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Foles: I'm still the same guy, but married

Nick Foles didn't become a big media celebrity after his breakthrough year. The highlight of his offseason was his marriage to Tori Moore.

There are no diamonds on Nick Foles' neck, to borrow a phrase from a rapper we used to know.

"It's great coming in here in the offseason, being the starting quarterback," Foles allowed on a rainy Wednesday at NovaCare, in his first extended remarks to reporters since he was named offensive MVP of the Pro Bowl, three months ago. "But we have great quarterbacks here. We've all been working together to push the guys or work on things together, get the new players acclimated to what we do here."

Does he feel more pressure, in the wake of having put up 27 touchdown passes against just two interceptions last season? What's it like, having a measure of endorsement opportunities and fame, for a relatively unheralded 2012 third-round pick?

"I just feel like me," Foles said. "I feel like I (felt) last year when I was playing. I feel like I just need to keep getting better. I've always felt, there's never a time to relax when you play this game, because there's always something to work on ... Mindset and everything hasn't changed. I still am the same guy y'all talked to when I arrived here my rookie year. Like you said, with all that, there's opportunities that arise, but you also have to learn to say no to different things ... my most important thing's my faith and my family ... that's what I worry about the most. If things are taking time away from my family, I gotta say no ... and obviously, I've got to be the best football player I can be to provide for them."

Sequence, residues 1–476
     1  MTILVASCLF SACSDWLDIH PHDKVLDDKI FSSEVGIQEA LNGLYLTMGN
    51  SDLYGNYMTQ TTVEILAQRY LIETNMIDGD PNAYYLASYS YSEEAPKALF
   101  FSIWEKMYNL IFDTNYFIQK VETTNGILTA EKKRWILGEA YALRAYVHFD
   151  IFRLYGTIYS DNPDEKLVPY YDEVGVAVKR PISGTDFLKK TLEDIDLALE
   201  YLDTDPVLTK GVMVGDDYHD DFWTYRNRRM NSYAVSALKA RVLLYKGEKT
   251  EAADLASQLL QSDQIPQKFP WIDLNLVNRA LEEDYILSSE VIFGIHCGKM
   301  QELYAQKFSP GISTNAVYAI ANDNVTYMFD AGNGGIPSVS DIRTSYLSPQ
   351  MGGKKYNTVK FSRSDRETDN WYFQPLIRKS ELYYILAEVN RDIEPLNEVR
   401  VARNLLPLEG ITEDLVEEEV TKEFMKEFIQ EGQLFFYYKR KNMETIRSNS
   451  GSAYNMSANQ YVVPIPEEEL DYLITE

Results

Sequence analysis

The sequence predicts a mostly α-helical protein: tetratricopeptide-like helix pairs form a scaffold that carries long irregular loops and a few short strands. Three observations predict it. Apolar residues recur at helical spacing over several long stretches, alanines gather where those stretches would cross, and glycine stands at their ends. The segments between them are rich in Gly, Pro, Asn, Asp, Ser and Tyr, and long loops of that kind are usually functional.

Foles did some promotional appearances in New York during Super Bowl week, then went home to Austin, Texas. He married longtime girlfriend Tori Moore, a former Arizona classmate and volleyball player, who worked for Nike in Oregon but has relocated to Philadelphia.

"She's an athlete as well, so she knows how it goes," Foles said. "She pushes me to make me better, which is great."

Foles fielded several queations about the impact on the offense of losing DeSean Jackson, who was released last month and signed with the Redskins.

"We'll have guys step up," Foles said. "We have 'Mac' (Jeremy Maclin) back, which is exciting. We'll see what happens in the draft coming up. We also have guys coming in that, they've got to step up and make plays," such as Arrelious Benn, coming back from ACL surgery, as is Maclin. "We'll see what happens. DeSean's a great receiver, he's very talented. He's unique in how he's so fast, he can get open, things like that. He's a hard guy to replace, but we'll have someone step in and do a great job in their own way."

Foles will play this season for about $615,000. After 2014, he will be eligible for a restructuring that could see him making 20 or 30 times as much money. That's one of the factors the Eagles cite when they explain having at least $20 million in unused cap space right now. Foles said striking it rich isn't something he thinks about. (For one thing, his father, Larry, is independently wealthy. But Nick genuinely seems to not be motivated by money.)

"If that's what changed my mindset, I'd be in trouble. If that's what changed my heart, I'd be in trouble," Foles said. "If it was a dollar figure (that motivated him), I don't think I could do that. I know who I am. I enjoy playing this game, whatever my contract is, or not. I don't even know how much I make this next year, I just love playing this game with my teammates. And obviously, now is the point when we do make a living doing it. But at the same time, if I'm focused on the money part of it, how am I going to be the best player, and how am I going to show my teammates my heart, when I go do what I do?"

Foles said he isn't following the Colin Kaepernick contract saga, doesn't watch ESPn, prefers crime shows.

"I don't ever want to worry about it," he said. "I want to help this team win, in any way possible. At the end of the day, it'll take care of itself."